THE LEANING TOWER OF BABEL
by Richard Mitchell
Chimps outshine chumps,
On the left: The annual cost of the average HEW evaluator, not including travel. On the right: The cost of 25 chimpanzees doing the same work, bananas and diapers included, as well as travel expenses based on prevailing United Parcel Service rates.
Yes, Virginia, there is a Free Lunch
THANKS to U.S. Representative Robert W. Daniel, of Virginia, we now have the complete text of an infamous document that newspapers around the country treated briefly and facetiously last summer. It is an evaluation of a remedial math and writing program in the public schools of Hopewell, Virginia. The author, whose name appears nowhere on the document, is a functionary–how right that ugly word seems just now–of HEW. The function of this tax-supported functionary was to judge whether or not the remedial program merited continued tax support of its own. Here are some of his (her?) comments. In each case, what you see is the functionary’s complete response to a question on the evaluation form:
The objectives were not to specified are the measurable participants that involves to the fullest extent practicable to the total educational resources
evidence demonstrated by the standardized achievement test data was surfaced to the desegregation elimination, reduction, and prevention of minority group isolation.
there is no realistically promises that addresses the needs identified in the proposes program.
sufficient magnitude in relation to the number of participants cost of project components, contains evidence of the proposes project & a very measurable amount of funds are very specified in the project program.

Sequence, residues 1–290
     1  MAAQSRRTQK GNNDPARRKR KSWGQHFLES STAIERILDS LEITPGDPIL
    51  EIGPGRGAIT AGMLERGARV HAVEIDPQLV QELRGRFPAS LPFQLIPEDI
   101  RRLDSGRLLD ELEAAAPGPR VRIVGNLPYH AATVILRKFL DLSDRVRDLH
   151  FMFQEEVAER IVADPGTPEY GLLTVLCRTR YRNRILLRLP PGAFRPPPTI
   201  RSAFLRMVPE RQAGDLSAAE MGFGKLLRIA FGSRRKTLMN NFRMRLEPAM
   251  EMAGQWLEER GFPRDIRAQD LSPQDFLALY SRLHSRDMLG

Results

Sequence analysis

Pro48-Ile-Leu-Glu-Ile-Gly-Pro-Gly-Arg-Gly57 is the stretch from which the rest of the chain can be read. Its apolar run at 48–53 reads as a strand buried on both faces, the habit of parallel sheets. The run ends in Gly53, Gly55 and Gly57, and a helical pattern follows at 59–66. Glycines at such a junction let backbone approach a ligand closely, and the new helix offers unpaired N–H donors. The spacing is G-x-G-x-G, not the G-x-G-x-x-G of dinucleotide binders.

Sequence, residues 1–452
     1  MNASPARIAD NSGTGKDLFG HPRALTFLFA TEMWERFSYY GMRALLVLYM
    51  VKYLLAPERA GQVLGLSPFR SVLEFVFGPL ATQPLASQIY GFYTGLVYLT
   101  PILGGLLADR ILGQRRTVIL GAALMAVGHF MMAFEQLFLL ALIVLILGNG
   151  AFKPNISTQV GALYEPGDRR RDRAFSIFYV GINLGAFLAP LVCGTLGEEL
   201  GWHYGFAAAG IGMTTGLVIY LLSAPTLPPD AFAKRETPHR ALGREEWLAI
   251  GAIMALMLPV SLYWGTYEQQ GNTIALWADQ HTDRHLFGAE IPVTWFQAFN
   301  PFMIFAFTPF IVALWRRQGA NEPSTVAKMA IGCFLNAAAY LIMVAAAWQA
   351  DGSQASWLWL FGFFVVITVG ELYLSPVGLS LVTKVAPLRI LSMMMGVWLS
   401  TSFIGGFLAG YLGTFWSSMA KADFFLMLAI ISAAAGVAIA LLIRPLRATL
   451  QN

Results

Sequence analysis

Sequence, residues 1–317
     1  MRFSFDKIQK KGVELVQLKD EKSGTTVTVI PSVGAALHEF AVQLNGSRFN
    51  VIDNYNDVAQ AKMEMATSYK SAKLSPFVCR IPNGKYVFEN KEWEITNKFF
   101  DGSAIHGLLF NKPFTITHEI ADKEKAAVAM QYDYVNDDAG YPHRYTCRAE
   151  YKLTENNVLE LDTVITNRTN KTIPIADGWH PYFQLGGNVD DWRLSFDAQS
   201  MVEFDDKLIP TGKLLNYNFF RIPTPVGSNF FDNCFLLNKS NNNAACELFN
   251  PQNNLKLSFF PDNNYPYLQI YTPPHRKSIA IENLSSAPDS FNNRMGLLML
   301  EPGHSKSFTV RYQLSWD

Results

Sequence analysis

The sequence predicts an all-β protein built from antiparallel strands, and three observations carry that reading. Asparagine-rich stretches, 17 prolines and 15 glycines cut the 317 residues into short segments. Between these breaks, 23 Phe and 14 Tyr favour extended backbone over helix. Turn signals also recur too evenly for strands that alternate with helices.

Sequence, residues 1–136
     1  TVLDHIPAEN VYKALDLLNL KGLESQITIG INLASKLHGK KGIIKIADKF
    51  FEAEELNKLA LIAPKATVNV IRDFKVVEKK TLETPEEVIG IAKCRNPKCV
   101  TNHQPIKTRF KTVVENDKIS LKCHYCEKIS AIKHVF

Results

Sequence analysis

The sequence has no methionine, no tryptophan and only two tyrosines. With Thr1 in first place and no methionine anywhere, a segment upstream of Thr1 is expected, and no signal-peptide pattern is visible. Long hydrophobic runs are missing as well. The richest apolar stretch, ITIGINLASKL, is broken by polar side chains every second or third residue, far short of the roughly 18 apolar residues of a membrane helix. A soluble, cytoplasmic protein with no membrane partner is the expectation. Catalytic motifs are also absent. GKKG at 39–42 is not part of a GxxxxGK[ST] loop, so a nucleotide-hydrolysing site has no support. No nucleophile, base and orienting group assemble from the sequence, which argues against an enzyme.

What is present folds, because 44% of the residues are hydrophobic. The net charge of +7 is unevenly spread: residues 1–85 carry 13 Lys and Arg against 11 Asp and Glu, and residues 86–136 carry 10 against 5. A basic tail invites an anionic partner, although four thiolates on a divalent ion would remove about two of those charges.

Let’s take what comfort we can from this gibberish. We have learned that there is, in fact, a tax-supported program in which the amount of funds actually are very specified and even “measurable.” It had always seemed otherwise. Nevertheless, in spite of that cheery news, there’s still one little cloud, no larger than a consultant’s outstretched paw, on the educational horizon. Even as we sit here, innocently enjoying the thought that there is, just as we had suspected all along, no realistically promises, some people are at work planning to hire more such evaluators in a cabinet-level Department of Education. If those education people can achieve stuff like that as a mere satrapy* of HEW, imagine what they’ll be able to do when the training wheels come off.
It was not out of wisdom, but weariness, that our Congress failed in its latest session to visit upon us a Department of Education. After all, bureaucrats and educationists† deserve a full-employment act too, and a DOE will provide featherbeds for whole new bands of them. They will, in turn, hire herds of the linguistically handicapped to evaluate all the remedial programs for the linguistically handicapped in places like Hopewell, Virginia. So there is, indeed, no realistically promises, but there sure as hell is a free lunch.